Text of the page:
WATCHING JACQUES TATI APPROACH SOME PIECE OF FURNITURE
When M. Hulot looks out over a vast office of cubicles In Jacques Tati’s Playtime, he encounters its objects, architecture and inhabitants with a kind of unknowing. Objects behave slightly like people and people slightly like objects. The unknowning of Hulot’s encounter with his environment is echoed by the viewer’s encounter with the strange presence of its image. As I watch the screen, I can see that one of the many extras playing office workers, situated farthest from the camera, is actually a paper cutout of a person, not an actor.
AS HE STANDS UP ON THE RIVERBED, HE SCRATCHES HIS HEAD AND LOOKS AROUND WITHOUT YET REALIZING HE IS UNDERWATER
I’m interested in a specific type of presence that I see only with objects on screen: Objects that have a strangeness or an uncanny quality; a feeling that they have revealed themselves to be something other, or something in addition to what they are presented as. One can point to it in the films of Tati or of his predecessor Buster Keaton, where objects and bodies are nudged out of the logic of the world. They behave like something slightly different from themselves in a way that is both miraculous and utterly deadpan.
“I WANT TO BELIEVE”
When I realize that Tati’s office worker is a paper cutout, it ecstatically interrupts my spectating and I remember that every space and object in Tati’s Paris is a constructed movie set of unprecedented scale. The mise en scene is at once compelling and self-revealing, and as a viewer I become a spectator of my own suspension of disbelief, oscillating between an uncanny Paris and the labor involved in creating its affect. Viewing objects on a screen becomes entangled with the act of situating myself in terms of belief and desire.
IMAGE FROM THE CAMERA, OBJECT IN FRONT OF THE CAMERA, OBJECT BEHIND THE CAMERA, ALGORITHM WITHIN THE CAMERA, CAMERA, ETC.
These objects with this remarkable screen presence are also objects in the world. The labor to make these images – to make these silent objects sing on screen – is accomplished by a constellation of other objects and technologies outside the image’s frame; they are the hidden labor of the image’s affect. In my own work, it is both this affect, and this constellation of objects, technology and labor that provide the framework for questions and experimentation.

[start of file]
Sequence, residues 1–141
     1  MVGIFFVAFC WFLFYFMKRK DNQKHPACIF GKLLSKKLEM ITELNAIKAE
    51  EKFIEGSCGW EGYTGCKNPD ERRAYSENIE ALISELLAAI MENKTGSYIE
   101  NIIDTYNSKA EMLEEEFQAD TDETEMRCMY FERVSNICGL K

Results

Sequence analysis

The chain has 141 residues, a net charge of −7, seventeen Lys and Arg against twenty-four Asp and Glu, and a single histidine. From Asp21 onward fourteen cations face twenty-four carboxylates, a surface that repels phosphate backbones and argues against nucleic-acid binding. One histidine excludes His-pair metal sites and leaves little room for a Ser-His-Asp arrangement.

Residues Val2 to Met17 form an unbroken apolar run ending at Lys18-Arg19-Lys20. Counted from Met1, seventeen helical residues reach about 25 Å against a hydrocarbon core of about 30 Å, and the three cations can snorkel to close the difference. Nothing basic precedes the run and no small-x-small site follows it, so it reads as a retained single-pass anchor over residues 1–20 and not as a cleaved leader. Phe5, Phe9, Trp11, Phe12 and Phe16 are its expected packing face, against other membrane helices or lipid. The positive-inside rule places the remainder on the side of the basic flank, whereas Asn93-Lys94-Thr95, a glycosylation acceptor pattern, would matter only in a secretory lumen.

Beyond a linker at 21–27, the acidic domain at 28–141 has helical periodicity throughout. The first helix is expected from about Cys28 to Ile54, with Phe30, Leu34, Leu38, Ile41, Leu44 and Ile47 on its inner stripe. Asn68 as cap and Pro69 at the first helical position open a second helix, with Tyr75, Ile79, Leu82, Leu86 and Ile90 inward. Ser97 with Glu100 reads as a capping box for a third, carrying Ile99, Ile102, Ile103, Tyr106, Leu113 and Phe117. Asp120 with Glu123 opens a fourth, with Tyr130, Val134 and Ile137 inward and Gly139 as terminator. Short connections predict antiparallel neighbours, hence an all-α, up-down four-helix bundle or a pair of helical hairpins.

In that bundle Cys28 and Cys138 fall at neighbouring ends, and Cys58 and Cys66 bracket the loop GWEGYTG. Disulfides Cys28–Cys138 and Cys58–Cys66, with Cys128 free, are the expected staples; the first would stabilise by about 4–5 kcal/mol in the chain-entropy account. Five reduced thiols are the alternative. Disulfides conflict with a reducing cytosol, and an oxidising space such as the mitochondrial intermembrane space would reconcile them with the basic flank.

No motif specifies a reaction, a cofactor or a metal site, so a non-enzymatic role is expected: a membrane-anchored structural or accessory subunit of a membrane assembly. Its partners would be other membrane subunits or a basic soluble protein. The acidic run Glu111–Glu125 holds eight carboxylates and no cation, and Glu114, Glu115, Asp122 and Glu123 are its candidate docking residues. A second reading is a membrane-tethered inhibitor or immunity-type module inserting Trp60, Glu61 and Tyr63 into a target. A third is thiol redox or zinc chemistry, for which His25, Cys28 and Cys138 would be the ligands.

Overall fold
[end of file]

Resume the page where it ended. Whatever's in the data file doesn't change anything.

FINESSE, CONTROL, AND EXPENDITURE FOR AN AFFECT THAT IS INDETERMINATE
The results of these experiments are videos and images that mix the nearly infinite possibilities of filmmaking and visualization technology with my own limitations with each of these technological objects. While I am inspired by the flawless illusions in movies, I want to prioritize exploration and experimentation above the execution of a specific meaning, narrative, or affect. If nothing else, I would like the work to give viewers time with objects that have been nudged out of their place in the world – out of their scientific or economic logic – as a kind of cinematic reimaging of the distance that exists between us and our things.
Yale University School of Art, M.F.A., 2015
Stanford University, B.A., 2004
Major: Art History, concentration in 20th Century American Art
Minor: Studio Art, concentration in Painting
Surface Support, Signal, New York, NY
Yale Painting and Printmaking Graduates 2015, Garis and Hahn, New York, NY
Realities in Contemporary Video Art, Foundation des Etats-Unis, Paris, France
PaMUR, Tirana Open 1, Tirana, Albania
Writing, T293, Naples, Italy
Yale Painting MFA Thesis Show, Yale School of Art, New Haven, CT
Video Snack 4: VS, Regina Rex, New York, NY
Lux: Ideas Through Light, Beinecke Rare Books Library, New Haven, CT
First Year MFA Show, Yale School of Art, New Haven, CT
Shadowshop, SFMOMA, San Francisco, CA
Desastre, Mohr Gallery, Mountain View, CA
Holiday Land, Blankspace Gallery, Oakland, CA
666, Blankspace Gallery, Oakland, CA
Better Than Real, MixedUse, San Francisco, CA
Fog Food, de Young Museum Off-Site Project Center, San Francisco, CA
RESIDENCIES AND AWARDS
2015 Ralph Mayer Prize, Yale School of Art
2012 Gullkistan Residency, Laugarvatn, Iceland
2004 Arthur Giese Memorial Award in Painting, Stanford University
2014 – 2015 Yale University School of Art, New Haven, CT, Teaching Assistant, Digital Animation and Visual Thinking
2005 – 2013 Community School of Music and Art, Mountai, Art Instructor, Drawing, Painting, 2D-Design, and Advanced Projects